Moving Wisconsin forward in 2012January 12, 2012As the new year begins, many of us take time to reflect on where we have been, and contemplate on where we may be headed. We make resolutions regarding our personal or professional lives in order to improve ourselves and the world around us. It is no different here in the Legislature, as we prepare for the final stretch of the 2011-12 legislative session. Looking forward, several major items may soon advance as a continuation of our jobs and economy agenda. As chairman of the Senate Natural Resources and Environment Committee, I have had the opportunity to review various regulatory issues under current law which may be impeding economic growth in Wisconsin.
A historic year in reviewDecember 29, 2011Without question, 2011 has been quite a year for Wisconsin state government. Significant and necessary reforms have been implemented to effectively change the manner in which state and local governments operate, putting Wisconsin in the national spotlight time and again.These reforms have reshaped Wisconsin government, as the governor and Legislature worked towards a mutual goal of restoring fiscal stability in the budget, improving the state’s image for job creation, and acting on long-standing legislative issues. These are some of the accomplishments and highlights of the session this past year:A Balanced Budget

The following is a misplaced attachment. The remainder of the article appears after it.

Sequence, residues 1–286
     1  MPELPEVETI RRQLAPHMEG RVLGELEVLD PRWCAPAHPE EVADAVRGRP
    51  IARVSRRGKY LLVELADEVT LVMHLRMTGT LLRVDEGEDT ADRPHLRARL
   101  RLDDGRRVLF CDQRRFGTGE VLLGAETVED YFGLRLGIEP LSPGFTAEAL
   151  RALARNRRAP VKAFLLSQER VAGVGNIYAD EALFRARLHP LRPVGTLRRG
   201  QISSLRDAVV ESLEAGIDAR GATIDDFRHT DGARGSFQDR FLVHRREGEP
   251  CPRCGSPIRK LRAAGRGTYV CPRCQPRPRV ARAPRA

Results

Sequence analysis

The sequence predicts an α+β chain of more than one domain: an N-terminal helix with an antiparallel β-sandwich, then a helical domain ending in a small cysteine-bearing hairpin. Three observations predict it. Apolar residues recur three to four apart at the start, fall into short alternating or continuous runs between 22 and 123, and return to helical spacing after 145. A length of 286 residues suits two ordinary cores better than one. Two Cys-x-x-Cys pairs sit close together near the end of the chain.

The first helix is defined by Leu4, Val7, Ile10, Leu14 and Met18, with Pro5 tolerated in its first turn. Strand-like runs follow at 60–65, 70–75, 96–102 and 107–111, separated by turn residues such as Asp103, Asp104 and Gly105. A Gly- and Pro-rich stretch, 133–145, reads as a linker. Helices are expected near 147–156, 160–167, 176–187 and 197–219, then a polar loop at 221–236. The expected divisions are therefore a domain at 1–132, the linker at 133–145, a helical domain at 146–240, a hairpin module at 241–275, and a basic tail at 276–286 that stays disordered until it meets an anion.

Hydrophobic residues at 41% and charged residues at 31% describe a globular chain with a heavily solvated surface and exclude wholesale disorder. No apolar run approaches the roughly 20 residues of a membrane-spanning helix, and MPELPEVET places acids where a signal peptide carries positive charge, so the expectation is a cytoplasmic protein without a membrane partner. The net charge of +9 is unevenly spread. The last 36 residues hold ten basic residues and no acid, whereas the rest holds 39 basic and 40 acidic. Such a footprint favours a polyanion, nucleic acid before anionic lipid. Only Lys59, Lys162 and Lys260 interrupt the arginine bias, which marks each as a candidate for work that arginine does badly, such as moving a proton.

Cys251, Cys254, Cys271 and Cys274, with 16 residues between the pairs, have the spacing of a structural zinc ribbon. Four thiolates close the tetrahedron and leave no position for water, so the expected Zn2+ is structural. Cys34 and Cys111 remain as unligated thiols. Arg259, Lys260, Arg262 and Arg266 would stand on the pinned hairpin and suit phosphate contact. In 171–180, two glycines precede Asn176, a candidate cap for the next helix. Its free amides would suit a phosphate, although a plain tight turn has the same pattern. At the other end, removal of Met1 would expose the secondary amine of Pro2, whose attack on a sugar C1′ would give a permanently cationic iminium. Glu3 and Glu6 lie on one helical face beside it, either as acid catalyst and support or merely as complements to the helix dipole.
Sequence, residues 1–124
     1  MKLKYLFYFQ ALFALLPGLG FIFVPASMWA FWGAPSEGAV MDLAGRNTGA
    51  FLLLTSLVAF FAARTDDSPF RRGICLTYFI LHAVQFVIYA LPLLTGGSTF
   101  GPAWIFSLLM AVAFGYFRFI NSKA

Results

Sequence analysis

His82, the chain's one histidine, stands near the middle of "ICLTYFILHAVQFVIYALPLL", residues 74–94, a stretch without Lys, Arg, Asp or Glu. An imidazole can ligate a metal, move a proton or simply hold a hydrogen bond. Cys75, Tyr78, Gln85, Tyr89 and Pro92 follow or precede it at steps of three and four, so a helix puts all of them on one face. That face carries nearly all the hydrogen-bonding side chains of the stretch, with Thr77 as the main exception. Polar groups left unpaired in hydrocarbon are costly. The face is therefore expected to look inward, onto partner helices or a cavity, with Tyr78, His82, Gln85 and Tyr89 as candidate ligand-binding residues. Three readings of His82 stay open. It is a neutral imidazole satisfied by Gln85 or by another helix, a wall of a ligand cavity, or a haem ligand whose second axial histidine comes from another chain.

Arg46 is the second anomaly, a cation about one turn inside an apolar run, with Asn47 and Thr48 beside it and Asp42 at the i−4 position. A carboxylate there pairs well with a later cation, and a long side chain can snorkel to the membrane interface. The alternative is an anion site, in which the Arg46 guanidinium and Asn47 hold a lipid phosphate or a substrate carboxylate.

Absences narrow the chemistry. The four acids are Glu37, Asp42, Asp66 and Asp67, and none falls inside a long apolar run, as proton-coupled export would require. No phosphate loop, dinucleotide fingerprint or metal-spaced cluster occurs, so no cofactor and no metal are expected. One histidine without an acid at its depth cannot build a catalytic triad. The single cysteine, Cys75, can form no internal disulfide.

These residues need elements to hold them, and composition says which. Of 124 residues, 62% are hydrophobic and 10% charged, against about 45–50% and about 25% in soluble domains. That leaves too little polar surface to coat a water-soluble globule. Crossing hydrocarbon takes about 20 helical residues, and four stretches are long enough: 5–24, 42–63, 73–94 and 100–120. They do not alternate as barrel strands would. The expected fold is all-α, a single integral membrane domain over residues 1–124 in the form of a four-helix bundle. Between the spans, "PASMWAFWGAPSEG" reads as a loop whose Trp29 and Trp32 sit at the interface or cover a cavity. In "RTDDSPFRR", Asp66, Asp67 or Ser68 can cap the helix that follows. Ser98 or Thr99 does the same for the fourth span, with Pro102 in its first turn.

Director will be missedDecember 22, 2011Our public works director, Shane Crawford, has put in his last snowplowing season. Shane, Walworth County’s deputy county administrator-central services, recently accepted a position with Madeira Beach, Fla., where he will take over as that city’s manager. Shane leaves with our best wishes as he takes on that new challenge early next year. He is leaving some big shoes to fill having, in many ways, defined the position which he will be leaving.Just prior to Shane’s arrival in 2004 the county had merged its highway and facilities departments into a single public works department. While this move may not seem like a big deal today, it was controversial when it was first implemented. The two departments had a different history and culture.
Impact of truth, half-truthsDecember 08, 2011One feature carried by a number of daily newspapers never ceases to amaze me. Every few days these papers will rate the accuracy of statements made by various state and national officials. So many of the statements end up in the “lie” category that when a mere “half-truth” is told, I seriously consider making a campaign contribution to that politician who is at least half-honest. What amazes me is not that empirical evidence often contradicts the particular statement, but that the falsehood has no real impact in the minds of many voters. In this current divisive political climate, it seems that many people will follow their party regardless of the statements made by its leaders. In the reader blogs that invariably follow the story, supporters of the “lying” politician accuse the newspaper of bias while his or her detractors gloat. In the next issue, the other side is caught in a lie and the roles are reversed.